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2nd Quadrant Centrifugal Compressor Performance: Part II

[+] Author Affiliations
Elisabetta Belardini, Dante Tommaso Rubino, Libero Tapinassi

GE Oil & Gas, Florence, Italy

Rajeev Pandit, V. V. N. K. Satish Koyyalamudi

GE Oil & Gas, Bangalore, India

Paper No. GT2016-57124, pp. V009T24A017; 10 pages
  • ASME Turbo Expo 2016: Turbomachinery Technical Conference and Exposition
  • Volume 9: Oil and Gas Applications; Supercritical CO2 Power Cycles; Wind Energy
  • Seoul, South Korea, June 13–17, 2016
  • Conference Sponsors: International Gas Turbine Institute
  • ISBN: 978-0-7918-4987-3
  • Copyright © 2016 by ASME


The sizing of surge protection devices for both compressor and surrounding system may require the knowledge of performance curves in 2nd quadrant with a certain level of accuracy. In particular two performance curves are usually important: the pressure ratio trend versus flow rate inside the compressor and the work coefficient or power absorption law. The first curve allows estimating mass flow in the compressor given a certain pressure level imposed by system, while the second is important to estimate the time required to system blow down during ESD (emergency shutdown). Experimental data are routinely not available in the early phase of anti-surge protection devices and prediction methods are needed to provide performance curves in 2nd quadrant starting from the geometry of both compressor and system.

In this paper two different approaches are presented to estimate performance curves in 2nd quadrant: the first is a simple 1D approach based on velocity triangle and the second is a full unsteady CFD computation. The two different approaches are applied to the experimental data more deeply investigated in part I by Belardini E.[3]. The measurement of compressor behavior in 2nd quadrant was possible thanks to a dedicated test arrangement in which a booster compressor is used forcing stable reverse flow.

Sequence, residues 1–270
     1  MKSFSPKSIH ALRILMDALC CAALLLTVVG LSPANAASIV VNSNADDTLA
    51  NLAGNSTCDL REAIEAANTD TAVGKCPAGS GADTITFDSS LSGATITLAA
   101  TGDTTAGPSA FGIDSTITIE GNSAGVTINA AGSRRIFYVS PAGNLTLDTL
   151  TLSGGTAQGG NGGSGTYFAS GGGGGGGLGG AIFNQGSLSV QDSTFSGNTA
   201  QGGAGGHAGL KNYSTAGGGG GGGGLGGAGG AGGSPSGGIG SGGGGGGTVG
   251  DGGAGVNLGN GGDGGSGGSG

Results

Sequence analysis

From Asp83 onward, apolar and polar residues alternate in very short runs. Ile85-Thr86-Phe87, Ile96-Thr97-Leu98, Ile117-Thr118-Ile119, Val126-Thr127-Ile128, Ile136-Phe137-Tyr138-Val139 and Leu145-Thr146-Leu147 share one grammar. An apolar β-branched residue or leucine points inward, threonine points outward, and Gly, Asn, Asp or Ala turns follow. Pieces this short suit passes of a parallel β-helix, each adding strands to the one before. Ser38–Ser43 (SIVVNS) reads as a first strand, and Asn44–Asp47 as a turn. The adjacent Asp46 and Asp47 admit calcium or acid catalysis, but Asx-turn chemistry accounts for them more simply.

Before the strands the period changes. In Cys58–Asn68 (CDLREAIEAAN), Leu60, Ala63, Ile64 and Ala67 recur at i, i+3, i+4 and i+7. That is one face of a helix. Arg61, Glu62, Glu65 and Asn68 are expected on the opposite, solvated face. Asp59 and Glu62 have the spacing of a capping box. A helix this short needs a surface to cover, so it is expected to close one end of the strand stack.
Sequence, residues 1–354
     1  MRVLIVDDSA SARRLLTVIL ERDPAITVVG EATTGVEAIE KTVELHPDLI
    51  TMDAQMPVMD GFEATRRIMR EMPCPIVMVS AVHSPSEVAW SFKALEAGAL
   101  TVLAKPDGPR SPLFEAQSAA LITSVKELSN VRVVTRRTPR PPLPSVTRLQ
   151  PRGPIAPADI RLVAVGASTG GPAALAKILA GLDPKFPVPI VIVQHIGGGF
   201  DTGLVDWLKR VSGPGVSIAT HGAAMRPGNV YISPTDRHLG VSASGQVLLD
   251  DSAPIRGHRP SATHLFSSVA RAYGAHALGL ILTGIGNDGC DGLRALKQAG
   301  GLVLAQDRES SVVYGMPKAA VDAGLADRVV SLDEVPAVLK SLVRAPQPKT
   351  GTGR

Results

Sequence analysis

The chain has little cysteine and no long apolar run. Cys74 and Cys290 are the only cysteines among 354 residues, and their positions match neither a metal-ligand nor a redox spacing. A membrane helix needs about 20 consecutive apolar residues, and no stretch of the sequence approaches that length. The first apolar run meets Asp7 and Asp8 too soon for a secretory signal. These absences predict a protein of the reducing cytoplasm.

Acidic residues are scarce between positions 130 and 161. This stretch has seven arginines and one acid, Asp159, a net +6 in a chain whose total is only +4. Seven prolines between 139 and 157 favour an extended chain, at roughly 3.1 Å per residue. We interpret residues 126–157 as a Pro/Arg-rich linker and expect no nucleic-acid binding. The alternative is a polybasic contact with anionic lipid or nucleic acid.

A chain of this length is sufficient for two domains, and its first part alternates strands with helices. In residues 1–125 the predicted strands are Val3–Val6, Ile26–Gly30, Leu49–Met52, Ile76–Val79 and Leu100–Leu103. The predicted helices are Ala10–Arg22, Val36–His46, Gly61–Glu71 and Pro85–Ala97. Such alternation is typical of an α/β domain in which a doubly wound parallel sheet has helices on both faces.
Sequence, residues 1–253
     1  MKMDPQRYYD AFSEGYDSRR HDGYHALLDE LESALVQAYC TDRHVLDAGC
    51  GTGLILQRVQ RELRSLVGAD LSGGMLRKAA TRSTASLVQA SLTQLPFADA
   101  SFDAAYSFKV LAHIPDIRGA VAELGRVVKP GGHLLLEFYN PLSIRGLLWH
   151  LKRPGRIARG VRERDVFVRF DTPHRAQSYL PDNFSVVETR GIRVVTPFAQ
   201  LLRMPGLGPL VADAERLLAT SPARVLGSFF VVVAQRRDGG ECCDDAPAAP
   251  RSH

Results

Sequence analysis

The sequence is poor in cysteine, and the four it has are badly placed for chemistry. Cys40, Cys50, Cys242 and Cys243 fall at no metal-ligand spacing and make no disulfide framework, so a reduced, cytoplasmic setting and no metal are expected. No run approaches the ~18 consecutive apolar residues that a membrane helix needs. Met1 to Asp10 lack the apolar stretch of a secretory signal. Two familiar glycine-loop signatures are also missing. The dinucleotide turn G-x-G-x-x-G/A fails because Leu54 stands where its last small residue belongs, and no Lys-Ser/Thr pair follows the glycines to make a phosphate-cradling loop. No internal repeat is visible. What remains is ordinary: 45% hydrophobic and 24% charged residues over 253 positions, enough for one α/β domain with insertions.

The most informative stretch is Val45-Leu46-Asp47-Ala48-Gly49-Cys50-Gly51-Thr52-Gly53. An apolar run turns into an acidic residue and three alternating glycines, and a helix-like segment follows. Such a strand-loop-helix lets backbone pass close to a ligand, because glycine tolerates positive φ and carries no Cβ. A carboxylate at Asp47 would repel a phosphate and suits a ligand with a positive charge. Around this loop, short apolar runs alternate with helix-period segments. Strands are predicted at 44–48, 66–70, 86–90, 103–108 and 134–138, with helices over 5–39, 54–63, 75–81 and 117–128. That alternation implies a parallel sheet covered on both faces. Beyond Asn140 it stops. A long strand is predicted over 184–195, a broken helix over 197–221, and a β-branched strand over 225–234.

The 1D method showed good agreement with experiments at design speed. In off-design condition a correlation for deviation angle was tuned on experimental data to maintain an acceptable level of accuracy. With very low reverse flow rates some discrepancies are still present but this region plays a secondary role during the dynamic simulations of ESD or surge events.

The unsteady CFD computation allowed a deeper insight into the fluid structures, especially close to very low flow rates when the deviation of the 1D method and the experimental data is higher. An important power absorption mechanism was identified in the pre-rotation effect of impeller as also the higher impact of secondary flows.

These two methods are complementary in terms of level of complexity and accuracy and to a certain extent both necessary. 1D methods are fast to be executed and more easily calibrated to match the available experiments, but they have limited capability to help understanding the underlying physics. CFD is a more powerful tool for understanding fluid structures and energy transfer mechanisms but requires computational times not always suitable for a production environment. 1D method can be used for standard compressor and applications for which consolidated experience have been already gathered while CFD is more suitable during the development of new products or up to front projects in general.

Copyright © 2016 by ASME
Topics: Compressors



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